D&D General What do you do (as GM) if a PC dies in the middle of a session

cranberry

Adventurer
So, one of your players makes a risky move, the dice gods disapprove, and their PC dies. For one reason or another, no one in the party is able to revive the PC.

I'll start by saying the worst thing you can do, IMO, is have the player just sit there until the end of the session, and I think most GMs understand that.

I give my players a couple of options:

Take a few minutes to roll up a character, and jump in. (Since they had to do it on the fly, I let them change things after the session when they've had time to really think about the new PC)

Play the monster(s) that the other PCs will face, and roll up a new character at home for the next session (at the same level that the rest of the party is at)

Play an NPC if one is available and has more than a bit part.

Go home, and bring a new character in for the next session.

When the player rolls up a new character in this situation, I just assume that the new PC has always been part of the party from day one, and the game continues as normal.

I once had a PC that died, and the DM wouldn't let me play until I could figure out an in game reason for the new PC joining the party (and that also he had to review and approve). IMO, that's not fun, and really unnecessary.

So, with all that being said, what do you do?
 

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iserith

Magic Wordsmith
If I'm running a one-shot adventure, there will be some pre-gen backups prepared ahead of time for players to grab and get back to playing.

If I'm running a campaign, the players are asked to create a backup character (or possibly more than one). In some campaigns, they can swap the characters from session to session to level them up a bit.

In either case, the other PCs know the character that is being tapped in, and they have a reason to be wherever they are, so there's no awkward "Gettin' Ta Know You" scenes or sitting around waiting for the "perfect" time for the new character to join the party. The goal here is to get the player back into the primary mode of participation with the game as quickly as possible.
 

cranberry

Adventurer
If I'm running a one-shot adventure, there will be some pre-gen backups prepared ahead of time for players to grab and get back to playing.

If I'm running a campaign, the players are asked to create a backup character (or possibly more than one). In some campaigns, they can swap the characters from session to session to level them up a bit.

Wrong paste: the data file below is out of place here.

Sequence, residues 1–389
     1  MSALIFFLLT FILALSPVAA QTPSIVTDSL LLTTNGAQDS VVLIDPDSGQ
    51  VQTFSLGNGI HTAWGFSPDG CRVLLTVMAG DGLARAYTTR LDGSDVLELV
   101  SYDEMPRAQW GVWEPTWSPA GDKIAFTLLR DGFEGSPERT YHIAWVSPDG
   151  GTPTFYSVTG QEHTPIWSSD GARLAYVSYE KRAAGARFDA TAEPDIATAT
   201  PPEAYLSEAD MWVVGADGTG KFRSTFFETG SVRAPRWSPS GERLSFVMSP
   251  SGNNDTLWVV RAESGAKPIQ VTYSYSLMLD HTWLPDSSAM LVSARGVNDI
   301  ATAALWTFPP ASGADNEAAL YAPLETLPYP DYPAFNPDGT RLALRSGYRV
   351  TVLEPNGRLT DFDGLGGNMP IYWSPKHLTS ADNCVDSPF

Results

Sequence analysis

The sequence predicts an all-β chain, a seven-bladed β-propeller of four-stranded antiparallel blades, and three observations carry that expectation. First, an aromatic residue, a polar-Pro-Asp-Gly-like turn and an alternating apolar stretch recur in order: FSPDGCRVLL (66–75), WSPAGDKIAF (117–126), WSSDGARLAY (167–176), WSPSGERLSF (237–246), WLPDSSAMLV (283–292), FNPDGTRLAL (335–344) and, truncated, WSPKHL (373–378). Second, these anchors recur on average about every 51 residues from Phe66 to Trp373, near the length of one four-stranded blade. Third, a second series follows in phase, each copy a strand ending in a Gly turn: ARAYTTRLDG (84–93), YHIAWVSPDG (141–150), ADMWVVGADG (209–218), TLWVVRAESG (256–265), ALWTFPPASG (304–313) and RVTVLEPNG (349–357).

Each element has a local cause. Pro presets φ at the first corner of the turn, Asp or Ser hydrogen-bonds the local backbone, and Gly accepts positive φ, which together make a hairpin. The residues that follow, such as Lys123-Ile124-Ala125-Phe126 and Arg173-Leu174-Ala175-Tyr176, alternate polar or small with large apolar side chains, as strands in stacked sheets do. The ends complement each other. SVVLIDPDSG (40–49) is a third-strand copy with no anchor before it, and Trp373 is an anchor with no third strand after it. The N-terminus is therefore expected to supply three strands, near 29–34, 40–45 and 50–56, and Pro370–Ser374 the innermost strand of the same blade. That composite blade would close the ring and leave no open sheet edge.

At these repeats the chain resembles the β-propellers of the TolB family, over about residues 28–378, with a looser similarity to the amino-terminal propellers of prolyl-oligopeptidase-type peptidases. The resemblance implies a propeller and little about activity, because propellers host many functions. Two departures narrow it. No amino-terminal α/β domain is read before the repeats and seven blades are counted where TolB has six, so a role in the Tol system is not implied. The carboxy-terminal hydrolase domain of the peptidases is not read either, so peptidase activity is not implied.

In either case, the other PCs know the character that is being tapped in, and they have a reason to be wherever they are, so there's no awkward "Gettin' Ta Know You" scenes or sitting around waiting for the "perfect" time for the new character to join the party. The goal here is to get the player back into the primary mode of participation with the game as quickly as possible.

I wish I could give you two "likes"(y)(y)
 

I usually have the players have a couple of characters ready before play even begins, in the event that there are deaths.

During the game, they can usually either run a hireling or other NPC (or have that become their character), have them encounter the new character in the adventure (rescued, run into, etc.), or the party usually quickly returns to town to resupply after the death, so the new character can join then.

But, as you said, its never a long time that the player has to wait to rejoin the party.
 

Parmandur

Book-Friend, he/him
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Though seriously, in my experience the player who loses a character juat chills out and starts flipping through the PHB to think about their next one.
 

In my group, nobody would actually enjoy playing a new character. We focus heavily on character development, and any new character would feel hollow and empty. And the party would be mourning the loss of their friend.

I'd give the player controls over one or more of the pets, so (s)he has something to do in combat. Other than that, tough luck. Not much to do in the roleplay situations.

We would definitely follow up with an extra "session zero" to discuss what's next. New character, or side-quest to revive the old one.
 

el-remmen

Moderator Emeritus
In my experience, players rarely want to immediately jump into playing a new character (and for me and most of my players the continuity of the new character's arrival matters). So like others, I might offer an NPC henchman or companion to run or if there isn't one or they don't want to do that - they can spend the session preparing a new character so we can figure out how best to introduce them the next time.

If a player wants to go home early that's fine and if they want to stick around and see what happens that also happens. I don't think of having "fun" as such a scarce resource that if they don't immediately have a way to play more it is a big deal - esp. since there is no guarantee that they will have fun with any of the "keep playing" options.
 

Jahydin

Hero
For my OSR games, I have them run multiple characters (2-4), so one dying isn't a big deal. They can roll up a new Level 1 characters whenever they feel like it.
Pathfinder/D&D, they just roll up a new character right away, but what level they start at varies system to system. Pathfinder 2E is same level, 5E is a level lower for instance.
 

cranberry

Adventurer
So, for those of you who prioritize role playing and story continuity over participating in the action and decision making for the group during the session, would you even allow allow a character to die? (permanently)?
 


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